how to influence policy development and apply it to a situation or an organisation with which you are involved
Schools can provide a good environment where support can be provided for children and young people to improve mental health. In 2014, local authority public health team and school nurses piloted a mental health promotion programme aimed at all the pupils in one secondary school. This programme was designed to be rolled out to all secondary schools as part of a city-wide initiative aimed at improving the mental health of children and young people.
The programme would consist of events where the public health team leader for mental health talked to the whole school about psychological wellbeing. This would be followed up by classroom discussions with the school nurse to increase understanding of mental health issues, substance misuse, stress and social skills and discuss issues raised.
The pilot, carried out in one school, commenced with an open meeting where parents were informed of the initiative and they and the teaching staff were supportive. The initiative was designed to run for a full year and resources for an outcome evaluation were included.
However, the evaluation report concluded that ‘there is little evidence that the scheme has changed pupils’ views about mental health or stigmas about mental illness’. On receiving this report, the Director of Public Health suggested the programme should be modified and highlighted an article about mental health promotion in comprehensive schools in Finland (Onnela et al., 2014) with the aim of improving collaboration between stakeholders.
Using the key principles of the Finnish approach, the public health team and the school nurse modified their plan accordingly. This included a proposal for school nurses and trained mental health nurses to provide drop-in sessions for individual students and run small group sessions to help build resilience as well as provide opportunities to discuss issues further if needed. Teachers would also be encouraged to get more involved and attend training days to help them better support their students. Public health resources were identified to take the work forward and to encourage collaboration between the various stakeholders involved in this initiative.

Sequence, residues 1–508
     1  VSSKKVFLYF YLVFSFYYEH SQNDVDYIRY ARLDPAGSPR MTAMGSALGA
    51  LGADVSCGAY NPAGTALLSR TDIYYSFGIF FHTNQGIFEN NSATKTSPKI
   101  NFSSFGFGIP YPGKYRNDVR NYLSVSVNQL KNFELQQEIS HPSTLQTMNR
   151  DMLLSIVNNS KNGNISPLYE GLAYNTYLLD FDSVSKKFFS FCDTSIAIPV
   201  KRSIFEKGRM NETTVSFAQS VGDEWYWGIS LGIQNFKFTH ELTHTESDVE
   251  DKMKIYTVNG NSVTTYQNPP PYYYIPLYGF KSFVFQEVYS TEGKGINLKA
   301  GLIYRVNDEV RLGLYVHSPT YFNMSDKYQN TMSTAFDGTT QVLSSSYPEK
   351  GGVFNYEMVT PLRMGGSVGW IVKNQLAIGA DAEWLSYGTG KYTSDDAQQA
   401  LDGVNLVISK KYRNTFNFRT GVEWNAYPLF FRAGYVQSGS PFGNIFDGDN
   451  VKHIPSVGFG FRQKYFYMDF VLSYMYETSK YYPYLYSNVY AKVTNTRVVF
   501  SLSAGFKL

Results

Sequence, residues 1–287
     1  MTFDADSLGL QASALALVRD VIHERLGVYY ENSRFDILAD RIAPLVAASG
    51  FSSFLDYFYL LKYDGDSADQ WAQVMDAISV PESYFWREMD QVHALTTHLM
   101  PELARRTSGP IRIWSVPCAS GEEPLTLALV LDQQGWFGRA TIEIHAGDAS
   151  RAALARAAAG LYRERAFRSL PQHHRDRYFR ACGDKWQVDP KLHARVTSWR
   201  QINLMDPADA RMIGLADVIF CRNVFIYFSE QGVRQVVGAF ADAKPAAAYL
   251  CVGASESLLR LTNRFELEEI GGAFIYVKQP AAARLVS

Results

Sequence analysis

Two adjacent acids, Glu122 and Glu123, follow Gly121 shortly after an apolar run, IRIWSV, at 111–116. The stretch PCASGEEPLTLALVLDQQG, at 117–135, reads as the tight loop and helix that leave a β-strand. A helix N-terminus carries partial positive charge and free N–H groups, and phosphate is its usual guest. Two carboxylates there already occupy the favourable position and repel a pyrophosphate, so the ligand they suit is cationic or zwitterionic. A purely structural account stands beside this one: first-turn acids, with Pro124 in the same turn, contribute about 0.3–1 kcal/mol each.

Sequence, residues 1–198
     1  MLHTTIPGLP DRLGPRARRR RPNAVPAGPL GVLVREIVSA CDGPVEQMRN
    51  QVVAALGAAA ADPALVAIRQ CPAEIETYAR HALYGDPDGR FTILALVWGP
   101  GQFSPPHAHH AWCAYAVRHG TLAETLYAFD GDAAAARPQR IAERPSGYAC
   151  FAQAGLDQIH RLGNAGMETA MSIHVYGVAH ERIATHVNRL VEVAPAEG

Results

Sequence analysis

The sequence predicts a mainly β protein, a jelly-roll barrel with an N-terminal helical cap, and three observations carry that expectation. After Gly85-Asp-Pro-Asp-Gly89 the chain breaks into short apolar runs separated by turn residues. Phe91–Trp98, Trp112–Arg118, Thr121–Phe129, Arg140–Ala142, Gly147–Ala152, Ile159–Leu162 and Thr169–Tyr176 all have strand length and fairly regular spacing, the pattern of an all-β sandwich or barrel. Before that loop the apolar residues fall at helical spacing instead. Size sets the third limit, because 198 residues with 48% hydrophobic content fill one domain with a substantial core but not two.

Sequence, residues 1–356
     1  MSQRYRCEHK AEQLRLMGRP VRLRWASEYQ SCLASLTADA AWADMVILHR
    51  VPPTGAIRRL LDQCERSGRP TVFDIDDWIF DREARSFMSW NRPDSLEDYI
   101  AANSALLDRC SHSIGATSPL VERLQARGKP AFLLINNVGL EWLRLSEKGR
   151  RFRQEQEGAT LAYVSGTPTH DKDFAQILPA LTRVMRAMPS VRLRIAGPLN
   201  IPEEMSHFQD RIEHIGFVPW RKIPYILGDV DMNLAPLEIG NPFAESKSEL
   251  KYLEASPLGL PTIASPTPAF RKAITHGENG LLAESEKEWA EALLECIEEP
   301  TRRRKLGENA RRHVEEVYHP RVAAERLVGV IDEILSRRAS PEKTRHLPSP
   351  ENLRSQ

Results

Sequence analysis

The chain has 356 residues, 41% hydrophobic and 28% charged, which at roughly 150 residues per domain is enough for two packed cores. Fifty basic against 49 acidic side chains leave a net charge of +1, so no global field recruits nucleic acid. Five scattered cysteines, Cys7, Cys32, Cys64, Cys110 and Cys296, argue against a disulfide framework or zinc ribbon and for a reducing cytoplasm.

Although the head teacher had some misgivings about adopting the proposals for the Finnish approach, he was also under pressure to address mental health promotion and therefore agreed to hold an open meeting to inform parents of the proposed plans.
At the meeting, attended by parents and teachers, the public health lead for mental health promotion explained how the previous initiative had not worked and presented evidence from the Finnish programme to support their revised plans. She discussed how a mental health nurse intervention with increased teacher, parent and student involvement along with public health support would be more effective in promoting mental health and wellbeing. The school nurse also spoke in support of the revised plans, arguing the case for evidence-based practice and proposing a start date of the next academic year.
Although some parents supported the plans, most were quite critical, as were many of the teachers who attended. The head teacher was silent throughout the event, except to chair the meeting. Among the issues raised by parents were concerns about:
The study presented was based in Finland and they did not think that mental health issues in Finland were necessarily similar.
Involving mental health nurses would take them away from their clinical work.
Sessions taking place within the school might provide the potential for further stigmatisation.
Too much emphasis being put on mental health promotion at the expense of other health issues such as underage drinking and smoking, which were increasing in the local area.
The initiative presented was a worked-up plan, with little room for consultation.
Teachers also raised some concerns:
There was already intense pressure on the curriculum and this initiative would add to it.
Some students would miss lessons and might get behind with their work.
Teacher involvement would mean missing classes to attend training sessions, so other teachers would have to set and mark work to cover their absence, piling on more pressure.
The public health lead on mental health and the school nurse were surprised and disappointed by the discussion. They tried to address people’s concerns but had to agree to pause on the initiative and try to devise a further modified approach that would be less disruptive. The meeting ended with no agreement on a scheme or a start date.
Onnela, A.M., Vuokila, P., Hurtig, T. and Ebeling, H. (2014) ‘Mental health promotion in comprehensive schools’, Journal of Psychiatric and Mental Health Nursing, vol. 21, pp. 618–27.
Core text: Linda Jones and Jenny Douglas (2012) Public health: building innovative practice. The Open University, Milton Keynes, UK
Part 1. Evaluate the roles of the public health practitioner leading on mental health promotion and the school nurse in this policy-making process. Consider why their preferred way forward was not adopted, drawing on your understanding of power, stakeholder influence and resistance in policy-making theory to support your answer. (50% of the marks)
Part 2. Create a presentation of the case that you would present to the meeting if you were the public health lead in this case study, supporting this with explanatory notes. (30% of the marks)
Part 3. Reflect on the evidence you have gathered about how to influence policy development and apply it to a situation or an organisation with which you are involved. (20% of the marks